While many people receive much of their legal understanding from popular tv shows and movies, the fact remains that very real legal concepts are often explored. Regardless of your television preferences, the terms remain the same in real life litigation that often involves great tragedy and turmoil for all parties involved. Medical malpractice. Negligence. These two legal terms have unique meanings and can determine many aspects of a case.
Medical malpractice concerns professional negligence committed by a health-care provider such as a hospital, dentist, doctor or similar professional. A medical malpractice action centers around the behavior of the professional and his use of medical practices that depart from the normal care or skill that other similar professionals with similar experience utilize, that ultimately results in harm to the patient. General negligence, on the other hand, concerns conduct of a person that fails to meet the standard of care a reasonable person in their position would have exhibited in whatever the situation may be. Clearly, general negligence is a broader cause of action than medical malpractice.
This comparison recently became crucial in a wrongful death lawsuit against Pendleton Methodist Memorial Hospital. The facts concern Ms. Althea LaCoste, who passed away after Hurricane Katrina knocked out Pendleton’s power supply. The Times-Picayune reported that although the hospital was prepared with emergency generators to fight through the storm, the generators lacked the improvements necessary to withstand the storm’s raging water levels. Consequently, Ms. LaCoste’s life support machine failed.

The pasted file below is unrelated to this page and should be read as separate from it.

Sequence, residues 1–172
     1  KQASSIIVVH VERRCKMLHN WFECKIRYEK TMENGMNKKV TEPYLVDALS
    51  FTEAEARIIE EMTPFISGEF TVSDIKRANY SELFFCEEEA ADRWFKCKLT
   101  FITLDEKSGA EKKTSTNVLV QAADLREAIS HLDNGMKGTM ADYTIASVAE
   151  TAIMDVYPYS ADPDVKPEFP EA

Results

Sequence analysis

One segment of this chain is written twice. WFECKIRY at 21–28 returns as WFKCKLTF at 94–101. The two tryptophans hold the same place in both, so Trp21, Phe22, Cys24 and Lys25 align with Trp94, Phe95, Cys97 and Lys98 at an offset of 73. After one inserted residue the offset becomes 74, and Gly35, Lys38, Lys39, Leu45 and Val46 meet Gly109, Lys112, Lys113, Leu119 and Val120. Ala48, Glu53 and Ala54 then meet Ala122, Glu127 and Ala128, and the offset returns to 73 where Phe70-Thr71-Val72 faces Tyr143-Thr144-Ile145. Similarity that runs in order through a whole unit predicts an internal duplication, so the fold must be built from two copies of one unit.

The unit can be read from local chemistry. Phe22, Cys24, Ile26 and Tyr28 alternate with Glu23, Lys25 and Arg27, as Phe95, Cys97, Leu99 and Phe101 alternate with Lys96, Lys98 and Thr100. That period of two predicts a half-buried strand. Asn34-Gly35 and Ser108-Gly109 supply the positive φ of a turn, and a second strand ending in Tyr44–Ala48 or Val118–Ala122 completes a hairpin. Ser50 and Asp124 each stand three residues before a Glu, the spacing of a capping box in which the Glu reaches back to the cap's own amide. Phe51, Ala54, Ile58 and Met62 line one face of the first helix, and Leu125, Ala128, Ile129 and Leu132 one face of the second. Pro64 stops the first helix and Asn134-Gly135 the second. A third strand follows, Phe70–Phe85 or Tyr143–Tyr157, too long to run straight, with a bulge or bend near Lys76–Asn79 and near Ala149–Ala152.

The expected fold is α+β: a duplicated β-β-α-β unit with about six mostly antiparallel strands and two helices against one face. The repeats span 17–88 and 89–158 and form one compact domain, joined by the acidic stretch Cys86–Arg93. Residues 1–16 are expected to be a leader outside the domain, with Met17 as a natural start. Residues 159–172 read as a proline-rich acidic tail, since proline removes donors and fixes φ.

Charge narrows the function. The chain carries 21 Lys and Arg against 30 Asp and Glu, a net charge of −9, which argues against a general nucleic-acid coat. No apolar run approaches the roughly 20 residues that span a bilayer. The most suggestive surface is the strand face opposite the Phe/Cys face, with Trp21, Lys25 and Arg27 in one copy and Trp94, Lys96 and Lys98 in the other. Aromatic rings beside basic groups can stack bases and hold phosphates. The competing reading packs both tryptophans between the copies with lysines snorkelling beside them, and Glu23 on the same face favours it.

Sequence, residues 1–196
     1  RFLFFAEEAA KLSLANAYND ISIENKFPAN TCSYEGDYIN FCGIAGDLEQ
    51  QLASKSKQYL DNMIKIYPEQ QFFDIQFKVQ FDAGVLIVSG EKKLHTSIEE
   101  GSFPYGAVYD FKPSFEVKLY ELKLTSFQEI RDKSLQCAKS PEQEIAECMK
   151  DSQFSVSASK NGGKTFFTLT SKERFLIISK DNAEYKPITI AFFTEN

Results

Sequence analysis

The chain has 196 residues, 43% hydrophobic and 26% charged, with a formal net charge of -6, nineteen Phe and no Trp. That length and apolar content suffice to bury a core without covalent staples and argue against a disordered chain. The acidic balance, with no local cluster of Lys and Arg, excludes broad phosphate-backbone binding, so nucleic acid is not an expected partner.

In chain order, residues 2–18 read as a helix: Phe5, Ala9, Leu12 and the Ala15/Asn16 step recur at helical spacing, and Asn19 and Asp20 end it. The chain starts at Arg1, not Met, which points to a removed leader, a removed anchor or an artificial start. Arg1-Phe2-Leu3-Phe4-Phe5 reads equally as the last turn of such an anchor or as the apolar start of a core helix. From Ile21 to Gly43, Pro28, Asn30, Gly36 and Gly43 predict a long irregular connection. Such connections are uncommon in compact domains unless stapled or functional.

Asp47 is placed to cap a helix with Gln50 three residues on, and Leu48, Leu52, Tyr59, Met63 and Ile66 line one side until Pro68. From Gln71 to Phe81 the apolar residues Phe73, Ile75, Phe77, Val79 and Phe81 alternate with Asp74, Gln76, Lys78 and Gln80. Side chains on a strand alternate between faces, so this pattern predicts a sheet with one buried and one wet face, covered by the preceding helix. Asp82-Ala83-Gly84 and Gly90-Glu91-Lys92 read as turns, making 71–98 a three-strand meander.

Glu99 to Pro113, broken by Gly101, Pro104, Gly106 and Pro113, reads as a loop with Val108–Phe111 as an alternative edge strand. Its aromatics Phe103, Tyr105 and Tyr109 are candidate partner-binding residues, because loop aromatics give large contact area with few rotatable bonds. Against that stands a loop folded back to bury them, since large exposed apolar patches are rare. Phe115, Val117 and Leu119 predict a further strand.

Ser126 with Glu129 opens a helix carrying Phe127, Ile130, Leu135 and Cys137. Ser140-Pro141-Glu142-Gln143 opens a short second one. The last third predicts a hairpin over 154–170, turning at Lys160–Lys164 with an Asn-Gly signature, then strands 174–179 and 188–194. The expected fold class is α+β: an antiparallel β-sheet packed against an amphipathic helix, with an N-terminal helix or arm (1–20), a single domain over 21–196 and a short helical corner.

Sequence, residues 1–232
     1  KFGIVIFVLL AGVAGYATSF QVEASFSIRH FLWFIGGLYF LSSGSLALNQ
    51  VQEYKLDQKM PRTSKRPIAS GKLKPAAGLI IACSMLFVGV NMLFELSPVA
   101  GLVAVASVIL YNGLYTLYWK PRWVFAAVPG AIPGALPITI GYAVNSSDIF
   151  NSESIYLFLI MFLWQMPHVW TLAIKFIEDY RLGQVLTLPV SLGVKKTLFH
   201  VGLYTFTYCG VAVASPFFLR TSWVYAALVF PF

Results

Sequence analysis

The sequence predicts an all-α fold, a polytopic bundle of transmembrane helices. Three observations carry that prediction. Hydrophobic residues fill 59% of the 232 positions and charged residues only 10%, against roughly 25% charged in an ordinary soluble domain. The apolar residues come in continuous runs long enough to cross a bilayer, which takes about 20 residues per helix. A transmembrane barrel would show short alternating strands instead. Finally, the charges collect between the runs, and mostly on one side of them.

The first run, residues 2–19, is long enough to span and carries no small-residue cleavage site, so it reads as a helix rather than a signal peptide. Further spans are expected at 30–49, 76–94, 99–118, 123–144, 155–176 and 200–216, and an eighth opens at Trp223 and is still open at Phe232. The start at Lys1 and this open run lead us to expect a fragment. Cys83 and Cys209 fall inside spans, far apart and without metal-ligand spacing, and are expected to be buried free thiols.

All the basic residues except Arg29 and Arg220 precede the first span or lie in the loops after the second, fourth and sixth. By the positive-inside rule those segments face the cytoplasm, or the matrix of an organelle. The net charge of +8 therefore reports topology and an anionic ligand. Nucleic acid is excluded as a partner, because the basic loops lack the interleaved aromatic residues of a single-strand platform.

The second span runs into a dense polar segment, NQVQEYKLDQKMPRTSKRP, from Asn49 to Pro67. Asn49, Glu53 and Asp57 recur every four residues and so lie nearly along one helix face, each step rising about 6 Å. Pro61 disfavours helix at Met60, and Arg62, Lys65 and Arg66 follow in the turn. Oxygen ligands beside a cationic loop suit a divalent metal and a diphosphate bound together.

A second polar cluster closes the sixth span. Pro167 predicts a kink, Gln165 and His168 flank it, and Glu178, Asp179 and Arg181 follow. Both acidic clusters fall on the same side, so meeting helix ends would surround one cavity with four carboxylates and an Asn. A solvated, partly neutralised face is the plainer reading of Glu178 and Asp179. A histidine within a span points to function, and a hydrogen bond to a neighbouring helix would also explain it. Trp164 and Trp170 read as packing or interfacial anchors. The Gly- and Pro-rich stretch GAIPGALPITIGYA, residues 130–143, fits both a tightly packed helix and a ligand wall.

The Louisiana Supreme Court allowed the plaintiff in this case to proceed on a theory of general negligence, as opposed to medical malpractice. According to the Louisiana medical malpractice laws, damages are capped at $500,000, whereas damages are not so limited if a trial is allowed to proceed under a general negligence theory. The Chicago Tribune reports that just a few weeks ago, the Illinois Supreme Court ruled that the state’s cap on medical malpractice damages was unconstitutional. The Court was mainly concerned with the idea of the legislative branch interfering with one of the rights of the judicial branch, that is, the right of a jury to come to its own conclusion about damages. Louisiana is currently embroiled in intense debate over whether to reform its own laws in this area as well.
The difference between medical malpractice and negligence is obviously crucial. We will provide more information on the state of the medical malpractice damage cap as it becomes available as well as any unfolding medical malpractice and general negligence cases of interest.